Politics

Max's Adventures in Wonderland

Why health care "reform" won't pay for itself

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For Philistines like me, the mysteries of Washington can be both perplexing and wondrous. If you watched noted alchemist Sen. Max Baucus (D-Mont.), conjure up health care gold last week, you probably know what I mean.

Mercifully, House and Senate Democrats recently blocked amendments that would have required health care bills to be posted online for 72 hours before a committee vote, sparing us the needless irritation of grappling with fancy facts about the most consequential piece of legislation in recent memory.

No need to get into the weeds for you and me. No way. Just think of legislation as abstract art. The Congressional Budget Office does.

The CBO's new estimate, which magically meets every one of President Barack Obama's preconditions, is based on "conceptual" language provided by Baucus rather than on any of those maddeningly specific Arabic numerals.

That's because the estimate isn't rooted in an actual bill per se, nor does it incorporate hundreds of amendments that will be part of any final product—well, not exactly … What we do have is a CBO that has been browbeaten long enough by the White House to finally summon the conviction to get a figure that so many wanted to hear.

It's also, believe it or not, free.

According to the CBO, the Senate plan—which actually would cost more than earlier estimates, rising from nearly $800 billion to $829 billion (or $904 billion, according to a number of economists)—has triggered many excited journalists and politicians to claim that the bill miraculously would "pay for itself."

The CBO says that not only would it pay for itself—and this part is really wonderful—but also the government's spending an additional $829 billion over the next 10 years would reduce the federal deficit by $81 billion.

How exactly does health care "reform" pay for itself in Wonderland? In this case, it pays for itself by charging taxpayers new "fees," delivering new mandates and penalties, adding pass-through costs, and cutting hundreds of billions of dollars from Medicare.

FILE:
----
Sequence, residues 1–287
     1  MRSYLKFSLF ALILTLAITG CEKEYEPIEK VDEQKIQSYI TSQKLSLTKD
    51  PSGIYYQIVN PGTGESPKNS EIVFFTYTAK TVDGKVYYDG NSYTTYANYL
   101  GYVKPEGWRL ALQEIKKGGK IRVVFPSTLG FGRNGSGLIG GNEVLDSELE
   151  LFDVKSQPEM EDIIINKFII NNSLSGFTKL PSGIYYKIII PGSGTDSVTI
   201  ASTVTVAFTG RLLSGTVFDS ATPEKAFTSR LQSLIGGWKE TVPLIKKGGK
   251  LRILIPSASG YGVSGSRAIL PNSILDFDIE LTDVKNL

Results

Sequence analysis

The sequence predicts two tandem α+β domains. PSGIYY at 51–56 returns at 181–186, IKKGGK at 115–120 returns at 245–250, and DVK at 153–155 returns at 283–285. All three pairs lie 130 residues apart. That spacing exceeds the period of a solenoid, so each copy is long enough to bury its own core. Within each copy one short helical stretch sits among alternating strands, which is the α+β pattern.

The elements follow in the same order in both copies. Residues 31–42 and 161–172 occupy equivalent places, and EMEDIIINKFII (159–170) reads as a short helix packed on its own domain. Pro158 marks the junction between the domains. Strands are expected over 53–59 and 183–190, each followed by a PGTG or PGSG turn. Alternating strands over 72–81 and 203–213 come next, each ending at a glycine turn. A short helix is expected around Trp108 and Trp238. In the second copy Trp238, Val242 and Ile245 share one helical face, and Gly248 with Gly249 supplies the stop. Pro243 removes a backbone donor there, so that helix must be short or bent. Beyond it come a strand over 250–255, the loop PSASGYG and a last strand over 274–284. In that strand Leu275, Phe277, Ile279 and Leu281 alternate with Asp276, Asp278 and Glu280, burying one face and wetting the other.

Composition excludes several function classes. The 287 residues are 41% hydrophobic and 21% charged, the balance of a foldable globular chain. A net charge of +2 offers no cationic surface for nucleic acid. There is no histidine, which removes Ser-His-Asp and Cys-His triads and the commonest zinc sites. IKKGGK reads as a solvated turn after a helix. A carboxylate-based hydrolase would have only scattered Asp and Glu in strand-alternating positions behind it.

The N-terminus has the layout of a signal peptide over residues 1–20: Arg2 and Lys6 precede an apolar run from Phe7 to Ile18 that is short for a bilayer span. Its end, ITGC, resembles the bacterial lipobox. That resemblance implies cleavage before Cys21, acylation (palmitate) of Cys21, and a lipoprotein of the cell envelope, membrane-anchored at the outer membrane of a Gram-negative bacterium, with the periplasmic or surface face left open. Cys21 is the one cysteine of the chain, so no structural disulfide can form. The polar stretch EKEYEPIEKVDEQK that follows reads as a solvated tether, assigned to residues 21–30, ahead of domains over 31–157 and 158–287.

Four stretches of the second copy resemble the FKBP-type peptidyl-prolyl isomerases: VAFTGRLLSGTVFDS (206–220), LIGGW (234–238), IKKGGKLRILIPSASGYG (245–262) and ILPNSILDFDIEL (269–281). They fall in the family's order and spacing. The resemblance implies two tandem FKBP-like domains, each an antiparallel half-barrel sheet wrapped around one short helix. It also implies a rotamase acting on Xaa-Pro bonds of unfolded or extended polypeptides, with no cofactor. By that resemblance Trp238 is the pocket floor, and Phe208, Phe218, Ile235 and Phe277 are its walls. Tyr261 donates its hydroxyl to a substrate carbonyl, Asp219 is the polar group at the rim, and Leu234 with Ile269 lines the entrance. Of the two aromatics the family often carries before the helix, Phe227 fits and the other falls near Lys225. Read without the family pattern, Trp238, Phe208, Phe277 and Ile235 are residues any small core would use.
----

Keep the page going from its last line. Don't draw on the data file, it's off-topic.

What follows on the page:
As you know, if there's anything old folks—already prone to irascibility from time to time—absolutely adore it's the prospect of cutting their Medicare benefits. Yet even those savings seem to defy reality.

One of the many assumptions in the Baucus plan is that there would be continual cuts in physician reimbursements, cuts that Congress never has allowed and precious few onlookers believe would be politically palatable. So without a major attitude adjustment in Washington, this savings is just fantasy, as well.

Not to worry, though, there are sure things. One of the most popular and cost-effective programs, Medicare Advantage, would take a hit of $117 billion through 2019.

That might seem somewhat mysterious to you. Then again, Medicare Advantage involves private insurance firms (a curse on their house!), which should be squashed like a cockroach.

CBO Director Douglas Elmendorf previously warned that Medicare Advantage payment cuts would have the potential to hurt seniors' private health plans, which, of course, is the point of "reform."

The most exhilarating aspect of this plan, however, isn't that it would do nothing to contain costs for average consumers; it's that average consumers would help pay for it long before they failed to receive any tangible benefits.

According to Democrats, health care reform must be passed this very moment even though it wouldn't kick in until 2013. Don't worry; it would start taxing Americans in 2010, three years before you got nothing.

All of this probably adds up to the most expensive dependency program yet devised.

Coming at a time when the nation has hit 9.8 percent unemployment, with no help from Washington in sight, the latest Pew Research Center survey on the health care issue claims that "more people now generally oppose the health care reform proposals in Congress (47 percent) than favor them (34 percent)."

That 47 percent just doesn't believe. They don't believe higher taxes would bring down costs. They don't believe that more spending could shrink the deficit. They can't believe that fees wouldn't be taxes. Or that an entitlement program, for the first time in history, would pay for itself.

What they do believe in is reality.

David Harsanyi is a columnist at The Denver Post and the author of Nanny State. Visit his Web site at www.DavidHarsanyi.com.

COPYRIGHT 2009 THE DENVER POST
DISTRIBUTED BY CREATORS.COM

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  1. Charlie: Since when do you pay to stay in a hospital?

    Doctor: Since always.

    Charlie: Uh, no, I believe that is what taxes are for.

    Mac: Yeah, you don’t pay a fireman to put out a fire.

    Charlie: Or a cop to shoot a guy.

    Dennis: How do you not know how this works? You’ve been in a hospital before.

    Charlie: I?I guess I must have slipped through the cracks. I do always give a fake name ’cause I like to stay off the grid. You know what I mean?